Steam Directly Affects Developer’s Pockets

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Steam Directly Affects Developer’s Pockets

The new curating system of Steam Direct has replaced Steam Greenlight and imposed a $100 recoupable publishing fee for each title, but this fee did not seem to have an effect on the number of games on the market.

Valve has changed its old Greenlight format, where developers once paid a $100 fee to participate and create a Greenlight page, to Direct, where developers will have to pay the fee of $100 and fill out a form for every game they want to publish on the Steam Marketplace.

The change was made in order to ensure quality content is being sold on the digital distribution platform. During the Greenlight phase of the Steam Store, pages were filled with “asset flippers” (games who use assets from other games directly and without contributing to creativity whatsoever) and other lowly rated titles. This caused indie games (games which do not have backing from a publisher), into which developers’ poured their heart and soul, to be lost in the sea of games that most Steam reviews labeled as being too “memey”.

Steam Direct promised to relieve the market from these scammers by imposing a $100 fee per game and a lot of paperwork, which will hopefully deter scammers who do not want to invest this money. But similar to Greenlight, it will follow an algorithm that uses “thumbs up” and “thumbs down” from gamers to see what would be featured at the top of the list.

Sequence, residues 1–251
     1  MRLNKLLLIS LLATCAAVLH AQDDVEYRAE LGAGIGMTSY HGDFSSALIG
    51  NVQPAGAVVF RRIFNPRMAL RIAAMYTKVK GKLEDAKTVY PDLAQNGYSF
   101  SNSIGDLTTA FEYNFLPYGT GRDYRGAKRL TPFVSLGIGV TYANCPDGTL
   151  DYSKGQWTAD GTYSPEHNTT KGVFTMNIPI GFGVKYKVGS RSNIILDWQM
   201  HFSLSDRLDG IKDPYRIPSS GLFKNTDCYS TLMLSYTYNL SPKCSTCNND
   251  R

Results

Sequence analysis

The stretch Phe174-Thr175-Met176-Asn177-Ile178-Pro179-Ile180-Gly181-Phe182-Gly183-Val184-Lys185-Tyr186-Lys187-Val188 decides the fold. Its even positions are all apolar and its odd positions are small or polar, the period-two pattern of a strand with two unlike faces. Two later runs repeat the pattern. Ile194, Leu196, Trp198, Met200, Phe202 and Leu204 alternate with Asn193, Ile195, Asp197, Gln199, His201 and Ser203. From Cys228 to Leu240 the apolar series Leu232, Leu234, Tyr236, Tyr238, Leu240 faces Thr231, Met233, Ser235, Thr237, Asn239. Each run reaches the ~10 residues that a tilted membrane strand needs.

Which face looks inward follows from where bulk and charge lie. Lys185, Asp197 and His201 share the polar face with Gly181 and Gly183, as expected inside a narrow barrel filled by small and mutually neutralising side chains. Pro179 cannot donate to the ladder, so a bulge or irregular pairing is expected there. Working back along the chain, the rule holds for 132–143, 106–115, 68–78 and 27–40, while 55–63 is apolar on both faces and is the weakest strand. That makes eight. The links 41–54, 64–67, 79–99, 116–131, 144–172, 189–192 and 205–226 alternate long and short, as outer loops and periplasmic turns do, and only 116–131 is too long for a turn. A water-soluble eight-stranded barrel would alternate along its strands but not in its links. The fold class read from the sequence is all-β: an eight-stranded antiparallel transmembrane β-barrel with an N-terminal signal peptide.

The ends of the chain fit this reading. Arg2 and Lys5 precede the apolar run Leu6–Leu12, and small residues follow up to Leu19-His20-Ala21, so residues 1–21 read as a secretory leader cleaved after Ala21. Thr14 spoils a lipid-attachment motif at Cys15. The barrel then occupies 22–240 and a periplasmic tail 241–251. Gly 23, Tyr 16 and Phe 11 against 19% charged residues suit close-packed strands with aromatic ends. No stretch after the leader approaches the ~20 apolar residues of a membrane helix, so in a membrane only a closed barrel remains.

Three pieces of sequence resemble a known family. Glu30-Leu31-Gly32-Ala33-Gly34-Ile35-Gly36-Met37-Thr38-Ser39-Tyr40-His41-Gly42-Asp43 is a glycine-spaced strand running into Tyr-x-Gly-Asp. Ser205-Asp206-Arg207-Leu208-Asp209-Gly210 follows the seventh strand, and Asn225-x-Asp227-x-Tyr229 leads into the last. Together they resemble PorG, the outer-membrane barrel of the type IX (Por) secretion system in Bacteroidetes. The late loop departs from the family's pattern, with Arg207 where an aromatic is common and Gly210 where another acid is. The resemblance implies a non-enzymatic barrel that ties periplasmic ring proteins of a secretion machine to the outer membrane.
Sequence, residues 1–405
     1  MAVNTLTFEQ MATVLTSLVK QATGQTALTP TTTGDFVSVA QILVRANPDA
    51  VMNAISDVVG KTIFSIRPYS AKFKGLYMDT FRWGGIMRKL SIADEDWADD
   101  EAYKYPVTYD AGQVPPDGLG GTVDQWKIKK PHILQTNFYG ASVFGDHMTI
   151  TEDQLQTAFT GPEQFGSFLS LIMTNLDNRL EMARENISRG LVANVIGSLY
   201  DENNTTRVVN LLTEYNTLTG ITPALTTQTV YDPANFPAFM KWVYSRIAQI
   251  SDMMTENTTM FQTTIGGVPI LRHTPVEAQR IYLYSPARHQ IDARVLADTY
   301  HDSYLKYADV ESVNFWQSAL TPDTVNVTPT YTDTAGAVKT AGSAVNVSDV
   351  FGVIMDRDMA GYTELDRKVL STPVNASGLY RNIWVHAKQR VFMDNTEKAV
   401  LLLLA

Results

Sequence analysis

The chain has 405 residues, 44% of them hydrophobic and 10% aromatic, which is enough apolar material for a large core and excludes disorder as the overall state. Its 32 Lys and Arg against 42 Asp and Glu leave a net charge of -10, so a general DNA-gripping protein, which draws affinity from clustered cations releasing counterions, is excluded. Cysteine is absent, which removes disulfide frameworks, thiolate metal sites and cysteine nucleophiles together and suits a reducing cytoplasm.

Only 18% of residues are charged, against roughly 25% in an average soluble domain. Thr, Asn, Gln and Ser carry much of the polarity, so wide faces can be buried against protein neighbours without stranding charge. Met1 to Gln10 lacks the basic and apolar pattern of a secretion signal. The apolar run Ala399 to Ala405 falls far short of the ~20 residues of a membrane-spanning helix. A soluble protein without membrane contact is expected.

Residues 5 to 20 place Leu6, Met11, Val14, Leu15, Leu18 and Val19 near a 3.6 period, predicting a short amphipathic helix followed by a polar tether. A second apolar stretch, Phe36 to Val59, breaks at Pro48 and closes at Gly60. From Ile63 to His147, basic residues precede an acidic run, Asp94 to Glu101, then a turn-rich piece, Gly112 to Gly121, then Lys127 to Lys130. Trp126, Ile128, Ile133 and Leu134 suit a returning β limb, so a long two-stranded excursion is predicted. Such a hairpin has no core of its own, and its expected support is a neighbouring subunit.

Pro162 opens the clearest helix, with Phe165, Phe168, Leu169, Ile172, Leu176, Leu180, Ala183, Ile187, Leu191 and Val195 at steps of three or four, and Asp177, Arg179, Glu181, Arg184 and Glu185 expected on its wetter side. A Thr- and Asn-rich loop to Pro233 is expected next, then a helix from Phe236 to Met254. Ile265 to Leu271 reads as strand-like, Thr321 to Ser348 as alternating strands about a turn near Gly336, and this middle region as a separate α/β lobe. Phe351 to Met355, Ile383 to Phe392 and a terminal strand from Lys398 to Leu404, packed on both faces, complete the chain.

Recent reports have shown that Steam Direct’s plan did not have the intended effect. In fact, according to Daniel Ahmad, analyst for Niko Partners, there will be 5,000 games released in 2017, a record breaking number. Although this may evoke an image of “a game for every type of player”, gamers must take note that many of these games are scams which only exist to take their money, not for their entertainment.

Another issue is that indie games are having a harder time getting noticed through the masses of copycat titles. This not only affects players’ ability to find little gems in the rough, but affects the income of up and coming game developers. Sergey Galyonkin, author of Steam Spy (a website that shows Steam’s statistics and its current state of affairs), calculated that sales are up, as well as the total number of games. Much of this revenue is concentrated on the Top Ten games list (95% to be exact), which leaves the remaining revenue to be fought for between developers. This can lead to a dip in the number of indie titles on the Steam Marketplace.

Only time will tell if the new Steam Direct will be a bane or a boon for both the developers and the players.

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Johnpierre Grajales

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